Thursday, April 17, 2008

Set Theory and Binary Code

Imagine we have a set of numbers: {1, 2, 3}. How many subsets can we make out of that? We can take none of the numbers as a set, this is known as the null set and is represented by this symbol (). Then we can take each single number as set. Since there are three numbers, we will get three sets. Another three sets can be produced if we take two of the numbers like so: {1,2}{1,3}{2,3} and finally if we take all the numbers as a subset of the original set. This is known as the power set and has more things in it than the original set or we can say that it has a higher "cardinality". That brings our total to 8 subsets from the original set. What if we take a set of all the numbers from 1 to infinity. What we would get is an infinite set. The hebrew letter Aleph (א) with subscript zero is used to denote this. We can take the power set of that and have a set with a greater cardinality. This would be א with a subscript of 1. We can infinitely take the power set and get infinities larger than the previous infinity.

Why does 123 equal to 123? How can such a number exist when we only have 10 numbers. We use place value in base 10 to conjure up such numbers as 1596, 45 ,100, etc. Why base 10 though... according to Mr. K it's probably because we have 10 fingers but what if we use another base like 5. If we use this base 5, what would 123 be? Well the 3 would be the ones place, 2 would be the fives place and 1 would be the twenty-fives place. 123 in base 5 would actually be 33 back in base 10. Unlike us, computers calculate numbers in base 2 also known as the binary numeral system. There are only two numbers in binary, 0 and 1. Any number can be written in base 2 or any base for that matter. Even though we can do all these magnificent things with computers, at the heart of the matter, all the computer really does is just decide if a switch is on or off as in a computer chip there are little switches.. This is all the computer is actually able to do and understand.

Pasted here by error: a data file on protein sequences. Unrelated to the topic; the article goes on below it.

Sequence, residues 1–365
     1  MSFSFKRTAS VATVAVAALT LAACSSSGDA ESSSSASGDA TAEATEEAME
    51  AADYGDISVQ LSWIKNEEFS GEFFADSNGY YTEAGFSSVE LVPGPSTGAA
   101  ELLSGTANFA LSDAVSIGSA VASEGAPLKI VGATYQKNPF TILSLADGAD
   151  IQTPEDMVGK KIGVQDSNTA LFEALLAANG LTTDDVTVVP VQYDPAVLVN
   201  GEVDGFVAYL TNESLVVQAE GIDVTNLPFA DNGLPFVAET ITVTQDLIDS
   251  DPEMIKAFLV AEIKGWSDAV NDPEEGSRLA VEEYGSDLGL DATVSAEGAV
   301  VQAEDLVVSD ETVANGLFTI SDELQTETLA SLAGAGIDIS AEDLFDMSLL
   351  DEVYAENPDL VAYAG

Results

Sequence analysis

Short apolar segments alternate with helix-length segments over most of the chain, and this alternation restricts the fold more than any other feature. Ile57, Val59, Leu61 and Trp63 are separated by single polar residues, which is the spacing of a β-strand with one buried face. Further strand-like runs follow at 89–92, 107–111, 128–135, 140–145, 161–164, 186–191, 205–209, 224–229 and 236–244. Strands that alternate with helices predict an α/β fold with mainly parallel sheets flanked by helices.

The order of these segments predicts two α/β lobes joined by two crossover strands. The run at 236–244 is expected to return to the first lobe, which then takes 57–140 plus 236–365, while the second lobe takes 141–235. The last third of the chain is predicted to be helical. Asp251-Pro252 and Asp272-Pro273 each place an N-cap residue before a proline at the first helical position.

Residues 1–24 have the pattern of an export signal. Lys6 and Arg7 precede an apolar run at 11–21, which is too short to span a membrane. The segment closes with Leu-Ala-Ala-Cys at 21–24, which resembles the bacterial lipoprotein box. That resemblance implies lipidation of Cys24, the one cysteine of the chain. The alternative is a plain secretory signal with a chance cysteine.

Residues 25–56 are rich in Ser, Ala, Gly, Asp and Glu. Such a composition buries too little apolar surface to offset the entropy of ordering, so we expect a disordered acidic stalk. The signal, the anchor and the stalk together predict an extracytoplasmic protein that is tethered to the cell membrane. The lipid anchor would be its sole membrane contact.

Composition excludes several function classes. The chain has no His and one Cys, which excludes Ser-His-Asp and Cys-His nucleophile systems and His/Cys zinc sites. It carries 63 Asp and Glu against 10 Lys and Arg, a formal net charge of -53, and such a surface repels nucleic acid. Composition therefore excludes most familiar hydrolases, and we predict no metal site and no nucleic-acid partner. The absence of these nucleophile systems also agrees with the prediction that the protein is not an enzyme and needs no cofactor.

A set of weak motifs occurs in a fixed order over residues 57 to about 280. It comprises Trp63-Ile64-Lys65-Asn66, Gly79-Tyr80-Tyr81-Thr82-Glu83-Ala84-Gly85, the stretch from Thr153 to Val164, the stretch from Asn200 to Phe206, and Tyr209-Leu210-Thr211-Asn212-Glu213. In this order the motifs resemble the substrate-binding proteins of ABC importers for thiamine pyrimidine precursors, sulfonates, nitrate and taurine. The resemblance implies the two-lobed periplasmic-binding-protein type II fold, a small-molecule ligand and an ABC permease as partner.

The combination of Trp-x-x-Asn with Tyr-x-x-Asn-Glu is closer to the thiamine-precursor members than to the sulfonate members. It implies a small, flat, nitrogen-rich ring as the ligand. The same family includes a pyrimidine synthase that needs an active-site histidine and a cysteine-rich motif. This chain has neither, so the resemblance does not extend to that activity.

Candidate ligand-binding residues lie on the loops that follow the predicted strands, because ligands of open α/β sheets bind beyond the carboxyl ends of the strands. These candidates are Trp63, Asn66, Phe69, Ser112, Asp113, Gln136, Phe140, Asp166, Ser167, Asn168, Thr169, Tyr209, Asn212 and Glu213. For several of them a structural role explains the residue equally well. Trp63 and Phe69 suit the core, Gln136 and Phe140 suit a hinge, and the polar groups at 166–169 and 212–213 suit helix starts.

After all that business, we took a crack at solving two logarithm problems. Eventually it all came down to just applying the logarithm laws. Following that, we looked the properties of a exponential function. The domain, range, x-intercepts, y-intercepts, concavity, if it was increasing or decreasing and the asymptote(s).

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